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Time is Brain – Think FAST When Stroke Happens

Stroke Alliance For Europe – Posted by admin on Mar 17, 2017

http://www.safestroke.eu/2017/03/17/time-brain-think-fast-prevent-stroke-strokeeurope/

Stroke is a serious, like-threatening medical condition that occurs when the blood supply to part of the brain is cut off. It is a medical emergency because time plays a vital role in the life of the person having a stroke. Minutes can make a difference between life and death, the difference between brain cells that are saved and brain cells that are damaged forever, between recovery and lifelong disability. Every minute the brain is oxygen deprived, brain cells get irreversibly damaged, so the longer door to needle time, the bigger the injury to the brain.

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Call 9-1-1. First and Fast Preserves Heart Muscle

http://hocowellandwise.org/2013/09/9-1-1-time-is-muscle/

“When a heart attack strikes, swift action can save a life. Physicians like to say “Time is muscle” – meaning- the faster you call and the faster you get treatment- the better your chances of preserving heart function.”

Response Times Matter – Trauma

Timing is Everything: Bringing Military Trauma Care to American Neighborhoods

By Will Cohen  /  Jan. 1, 2018, 2:22 p.m. The Gate – University of Chicago

http://uchicagogate.com/articles/2018/1/1/timing-everything-bringing-military-trauma-care-american-neighborhoods/

While wars are being fought thousands of miles overseas, few realize that lessons being learned on the battlefield are being applied every day in violent areas of America’s inner cities, after mass shootings and terror attacks, and in the average community hospital. As the severity of injuries in the wars in Afghanistan and Iraq increased, so did our ability to treat these injuries.

As important as it is to get an injured service member to major medical centers outside the combat zone, the most important concept in the entire military trauma care process is the golden hour.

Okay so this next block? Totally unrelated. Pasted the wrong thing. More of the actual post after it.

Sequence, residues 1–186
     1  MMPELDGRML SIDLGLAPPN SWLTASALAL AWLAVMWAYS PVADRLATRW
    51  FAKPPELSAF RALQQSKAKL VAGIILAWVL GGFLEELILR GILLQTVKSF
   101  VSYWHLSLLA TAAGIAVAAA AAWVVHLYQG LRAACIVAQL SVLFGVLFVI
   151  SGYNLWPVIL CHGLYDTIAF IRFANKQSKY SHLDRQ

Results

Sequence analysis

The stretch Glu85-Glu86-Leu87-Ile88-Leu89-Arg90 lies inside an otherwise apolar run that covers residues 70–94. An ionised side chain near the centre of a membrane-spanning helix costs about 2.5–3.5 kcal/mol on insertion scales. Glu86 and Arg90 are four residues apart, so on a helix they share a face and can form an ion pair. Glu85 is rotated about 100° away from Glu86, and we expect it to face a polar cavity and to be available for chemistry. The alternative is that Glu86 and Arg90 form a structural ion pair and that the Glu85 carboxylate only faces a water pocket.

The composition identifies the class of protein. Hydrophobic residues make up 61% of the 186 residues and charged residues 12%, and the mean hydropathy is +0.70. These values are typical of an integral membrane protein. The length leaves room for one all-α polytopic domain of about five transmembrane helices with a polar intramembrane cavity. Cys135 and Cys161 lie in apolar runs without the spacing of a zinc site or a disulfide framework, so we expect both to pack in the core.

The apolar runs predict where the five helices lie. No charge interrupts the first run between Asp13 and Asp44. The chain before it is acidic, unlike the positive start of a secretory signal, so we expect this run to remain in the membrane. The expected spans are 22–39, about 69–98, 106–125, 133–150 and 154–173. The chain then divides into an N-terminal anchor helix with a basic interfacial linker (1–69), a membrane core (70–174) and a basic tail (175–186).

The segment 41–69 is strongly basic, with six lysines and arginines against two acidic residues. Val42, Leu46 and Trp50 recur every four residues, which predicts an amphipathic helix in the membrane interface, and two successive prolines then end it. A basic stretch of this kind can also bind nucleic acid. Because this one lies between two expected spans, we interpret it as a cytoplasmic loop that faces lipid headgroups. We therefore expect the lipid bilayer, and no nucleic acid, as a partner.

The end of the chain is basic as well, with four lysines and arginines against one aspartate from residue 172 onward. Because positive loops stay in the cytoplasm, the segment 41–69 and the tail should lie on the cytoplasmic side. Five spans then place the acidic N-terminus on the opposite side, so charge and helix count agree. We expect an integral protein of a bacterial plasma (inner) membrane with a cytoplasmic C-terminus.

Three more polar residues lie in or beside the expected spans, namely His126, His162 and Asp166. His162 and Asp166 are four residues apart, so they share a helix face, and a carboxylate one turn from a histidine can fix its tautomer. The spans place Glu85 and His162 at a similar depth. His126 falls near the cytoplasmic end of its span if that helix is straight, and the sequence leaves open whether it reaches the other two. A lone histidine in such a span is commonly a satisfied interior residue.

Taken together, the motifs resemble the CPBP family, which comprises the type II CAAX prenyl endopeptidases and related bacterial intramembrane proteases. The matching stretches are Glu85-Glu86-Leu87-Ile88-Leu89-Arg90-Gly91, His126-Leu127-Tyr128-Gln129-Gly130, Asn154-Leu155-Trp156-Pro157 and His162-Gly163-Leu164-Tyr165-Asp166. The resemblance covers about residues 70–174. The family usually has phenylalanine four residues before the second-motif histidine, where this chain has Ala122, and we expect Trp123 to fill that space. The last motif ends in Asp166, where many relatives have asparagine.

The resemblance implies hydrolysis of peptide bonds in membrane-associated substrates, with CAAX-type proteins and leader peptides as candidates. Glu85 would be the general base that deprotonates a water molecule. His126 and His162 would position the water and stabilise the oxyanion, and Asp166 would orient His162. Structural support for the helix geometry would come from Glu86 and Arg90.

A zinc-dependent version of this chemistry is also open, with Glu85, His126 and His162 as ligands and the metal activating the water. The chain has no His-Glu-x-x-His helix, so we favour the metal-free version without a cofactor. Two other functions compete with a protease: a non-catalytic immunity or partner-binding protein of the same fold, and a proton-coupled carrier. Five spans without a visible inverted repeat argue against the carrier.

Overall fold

“The golden hour is that period of time where what you do or don’t do to a patient, determines whether they do very well or very poorly” Hampton said.

If critically injured patients receive treatment rapidly after injury, their survival chances increase dramatically. 

The concept of the golden hour is not unique to military trauma care. In fact, the term was first coined by Dr. R. Adams Cowley at the University of Maryland Medical Center. His research and focus on the time from injury to treatment have largely underpinned the creation of the network of EMS and trauma centers throughout the United States.

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Emergency response to trauma makes life or death difference

July 30, 1999

http://www.cnn.com/HEALTH/9907/30/emergency.response/

Medical professionals say there is a “the golden hour” — a limited time period that a physician has to restore life functions quickly to a trauma patient. If that window of opportunity is missed, fatal brain damage or irreversible shock will occur.

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HEALTH NEWS

SEPTEMBER 30, 2015 / 7:37 PM

Children’s Healthcare’s new medical helicopter a “flying ICU”

By: Beth Galvin

http://www.fox5atlanta.com/health/fox-medical-team/childrens-healthcares-new-medical-helicopter-a-flying-icu

In trauma care, they talk about “the golden hour,” how critical those first 60 minutes can be, how little time you have to get critically injured patients to a trauma center, like Children’s.

“For pediatrics it’s even worse.  We talk about the ‘platinum 30 minutes,” says Greg Pereira, Children’s Director of Trauma Transport. 

“Every second counts,” he says. 

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U.S. Military ‘Golden Hour’ Rule Saved Lives

Andrew M. Seaman

3 MIN READ

https://www.reuters.com/article/us-health-trauma-transport/u-s-military-golden-hour-rule-saved-lives-idUSKCN0RU31F20150930

A mandate to get wounded U.S. soldiers to appropriate medical care within one hour of injury improved survival on the battlefield, according to a new study.

The 2009 rule, implemented by then-Secretary of Defense Robert Gates, potentially saved 359 lives, according to the report in JAMA Surgery.

The Committee for Tactical Emergency Casualty Care – 2018 C-TECC